Early general-election polls have been released, and liberals are freaking out. Donald Trump is almost dead even with Hillary Clinton in the RealClearPolitics average of national surveys, upending assumptions that the race wouldn’t be close. Some Democrats are denouncing the polls as skewed. Others are sinking into panic or fatalism.
Relax. These surveys don’t forecast who’s going to win the election. They tell you how the public feels right now. They show you how different kinds of people are thinking about various questions—how conservative Democrats feel about Clinton, for example, and which qualities women ascribe to Trump. Most important, these polls illustrate how the race might shift, depending on what you and other people do. Here’s a guide to reading them.
1. Don’t whine about party composition. There’s been a lot of bitching on the left about the high percentage of Republicans included in some polls—notably, a Fox News survey taken May 14–17, in which Trump led Clinton 45 percent to 42 percent. In the 2012 election, 38 percent of the people who voted were Democrats; only 32 percent were Republicans. But in the Fox poll, 41 percent of respondents were Republicans; 40 percent were Democrats. That’s typical Fox bias, right?
Wrong. Read the poll’s methodology statement: “The Fox News Poll is not weighted by political party.” That means the poll aims for a random sample, but if more Republicans than Democrats answer the survey (or vice versa), Fox doesn’t tweak its numbers to even things out. (Fox says it does sometime adjust its numbers for imbalances in “age and race,” which can boost one party’s numbers—generally, Democrats.) So if the Fox poll shows a higher percentage of Republicans in May than it did in April—which it does—there’s a chance that the shift has to do with something going on in the electorate, such as rising interest among Republicans. You’d be a fool to close your eyes to that.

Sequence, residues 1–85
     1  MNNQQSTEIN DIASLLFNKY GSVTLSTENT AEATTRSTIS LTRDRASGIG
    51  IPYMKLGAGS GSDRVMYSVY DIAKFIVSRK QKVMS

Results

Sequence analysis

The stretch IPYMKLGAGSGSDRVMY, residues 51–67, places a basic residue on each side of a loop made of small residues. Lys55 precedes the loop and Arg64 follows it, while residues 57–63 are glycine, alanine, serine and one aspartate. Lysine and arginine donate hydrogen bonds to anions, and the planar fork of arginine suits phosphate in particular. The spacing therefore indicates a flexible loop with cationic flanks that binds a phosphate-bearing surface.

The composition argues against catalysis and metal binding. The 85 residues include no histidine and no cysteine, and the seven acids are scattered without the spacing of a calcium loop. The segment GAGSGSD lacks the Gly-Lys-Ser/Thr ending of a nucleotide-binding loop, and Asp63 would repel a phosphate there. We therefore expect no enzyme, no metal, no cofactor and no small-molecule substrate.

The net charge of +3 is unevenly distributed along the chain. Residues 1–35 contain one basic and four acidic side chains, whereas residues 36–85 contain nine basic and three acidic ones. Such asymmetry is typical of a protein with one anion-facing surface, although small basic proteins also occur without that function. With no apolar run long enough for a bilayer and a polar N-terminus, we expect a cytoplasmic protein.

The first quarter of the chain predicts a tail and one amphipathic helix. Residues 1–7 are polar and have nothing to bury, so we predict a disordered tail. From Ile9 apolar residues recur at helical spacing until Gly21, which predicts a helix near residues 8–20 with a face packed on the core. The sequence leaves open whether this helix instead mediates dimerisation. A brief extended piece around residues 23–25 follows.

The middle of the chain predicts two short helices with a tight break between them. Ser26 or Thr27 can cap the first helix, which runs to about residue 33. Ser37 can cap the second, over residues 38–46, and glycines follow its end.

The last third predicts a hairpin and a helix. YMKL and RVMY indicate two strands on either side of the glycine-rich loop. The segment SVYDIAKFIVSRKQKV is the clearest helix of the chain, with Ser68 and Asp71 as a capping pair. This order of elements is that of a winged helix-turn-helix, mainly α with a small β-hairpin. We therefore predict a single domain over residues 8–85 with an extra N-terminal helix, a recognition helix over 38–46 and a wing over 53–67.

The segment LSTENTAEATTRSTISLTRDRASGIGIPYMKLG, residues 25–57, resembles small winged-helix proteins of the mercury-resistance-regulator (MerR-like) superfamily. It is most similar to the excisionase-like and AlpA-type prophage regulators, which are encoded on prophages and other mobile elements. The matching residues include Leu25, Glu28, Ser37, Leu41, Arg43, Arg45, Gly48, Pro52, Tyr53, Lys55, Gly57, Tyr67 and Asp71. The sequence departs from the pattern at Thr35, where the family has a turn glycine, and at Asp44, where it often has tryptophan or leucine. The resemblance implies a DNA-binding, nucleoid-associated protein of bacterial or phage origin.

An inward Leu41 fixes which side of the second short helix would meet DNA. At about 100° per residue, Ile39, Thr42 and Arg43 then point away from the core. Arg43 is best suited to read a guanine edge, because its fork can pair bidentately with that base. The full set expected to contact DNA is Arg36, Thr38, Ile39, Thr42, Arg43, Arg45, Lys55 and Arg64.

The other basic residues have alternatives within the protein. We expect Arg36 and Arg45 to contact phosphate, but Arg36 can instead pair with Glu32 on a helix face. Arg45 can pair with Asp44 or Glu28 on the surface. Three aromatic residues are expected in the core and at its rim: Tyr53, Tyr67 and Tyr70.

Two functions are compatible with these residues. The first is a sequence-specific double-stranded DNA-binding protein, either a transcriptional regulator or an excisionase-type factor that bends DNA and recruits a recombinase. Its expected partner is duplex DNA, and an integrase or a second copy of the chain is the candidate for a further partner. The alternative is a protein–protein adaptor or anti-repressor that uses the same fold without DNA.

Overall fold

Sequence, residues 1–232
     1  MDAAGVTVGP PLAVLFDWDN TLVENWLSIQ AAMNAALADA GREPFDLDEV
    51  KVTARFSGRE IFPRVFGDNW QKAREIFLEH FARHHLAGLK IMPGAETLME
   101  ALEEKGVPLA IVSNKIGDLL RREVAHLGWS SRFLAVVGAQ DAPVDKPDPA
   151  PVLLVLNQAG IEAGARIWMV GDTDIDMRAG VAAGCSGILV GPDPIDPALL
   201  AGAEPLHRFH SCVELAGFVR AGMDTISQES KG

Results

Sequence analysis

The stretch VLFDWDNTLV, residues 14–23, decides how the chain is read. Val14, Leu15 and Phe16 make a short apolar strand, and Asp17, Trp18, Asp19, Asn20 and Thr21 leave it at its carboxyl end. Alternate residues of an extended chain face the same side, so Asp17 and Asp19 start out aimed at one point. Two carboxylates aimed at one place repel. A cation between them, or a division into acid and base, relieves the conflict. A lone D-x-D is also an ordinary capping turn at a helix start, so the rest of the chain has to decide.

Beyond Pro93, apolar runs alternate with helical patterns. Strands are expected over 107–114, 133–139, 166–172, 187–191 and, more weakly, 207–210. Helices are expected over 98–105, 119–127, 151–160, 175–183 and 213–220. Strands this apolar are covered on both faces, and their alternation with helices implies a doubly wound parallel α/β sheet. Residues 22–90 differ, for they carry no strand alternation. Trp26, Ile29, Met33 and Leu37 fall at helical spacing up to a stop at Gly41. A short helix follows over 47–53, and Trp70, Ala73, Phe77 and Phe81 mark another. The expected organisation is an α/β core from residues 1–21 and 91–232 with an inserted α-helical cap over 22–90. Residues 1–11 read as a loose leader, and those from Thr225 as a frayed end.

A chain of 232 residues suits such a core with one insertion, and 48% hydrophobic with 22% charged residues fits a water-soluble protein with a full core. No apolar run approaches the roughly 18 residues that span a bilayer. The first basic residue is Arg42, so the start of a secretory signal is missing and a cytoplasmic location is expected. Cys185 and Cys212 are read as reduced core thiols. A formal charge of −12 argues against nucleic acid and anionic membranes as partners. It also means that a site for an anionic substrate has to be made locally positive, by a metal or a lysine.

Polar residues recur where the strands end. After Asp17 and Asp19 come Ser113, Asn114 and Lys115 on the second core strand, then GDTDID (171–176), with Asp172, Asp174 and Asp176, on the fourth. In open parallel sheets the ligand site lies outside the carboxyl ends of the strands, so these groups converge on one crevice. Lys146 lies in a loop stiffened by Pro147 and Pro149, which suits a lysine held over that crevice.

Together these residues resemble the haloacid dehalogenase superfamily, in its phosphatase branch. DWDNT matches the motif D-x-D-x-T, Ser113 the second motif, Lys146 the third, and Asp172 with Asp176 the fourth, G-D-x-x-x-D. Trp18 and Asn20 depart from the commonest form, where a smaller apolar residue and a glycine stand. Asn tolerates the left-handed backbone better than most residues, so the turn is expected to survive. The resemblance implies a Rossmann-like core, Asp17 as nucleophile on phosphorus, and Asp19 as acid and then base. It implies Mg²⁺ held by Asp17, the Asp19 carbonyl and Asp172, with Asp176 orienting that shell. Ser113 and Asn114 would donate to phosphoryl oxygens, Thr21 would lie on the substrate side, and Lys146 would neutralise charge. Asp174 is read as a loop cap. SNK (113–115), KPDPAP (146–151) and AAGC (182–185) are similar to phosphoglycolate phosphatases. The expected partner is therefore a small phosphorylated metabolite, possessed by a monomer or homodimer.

If you don’t trust the Fox poll, look at the nearly simultaneous CBS News/New York Times survey. The Times methodology statement says its “sample was adjusted to reflect the percentage of the population residing in mostly Democratic counties [and] mostly Republican counties.” Sure enough, Clinton wins that poll, 47 percent to 41 percent. But if you dig up the detailed tables—not available at nytimes.com or cbsnews.com but posted by the CBS News political team at Scribd—you’ll find something that the Times didn’t report or include in its data sheet. Question 9 of the poll asked: “Compared to past presidential elections, how would you describe your level of enthusiasm about voting in the 2016 presidential election this year—are you more enthusiastic than usual, less enthusiastic, or about the same as usual?” Republicans were evenly split: 36 percent more enthusiastic, 36 percent less. But Democrats were more likely to say their enthusiasm was down (39 percent) than up (30 percent).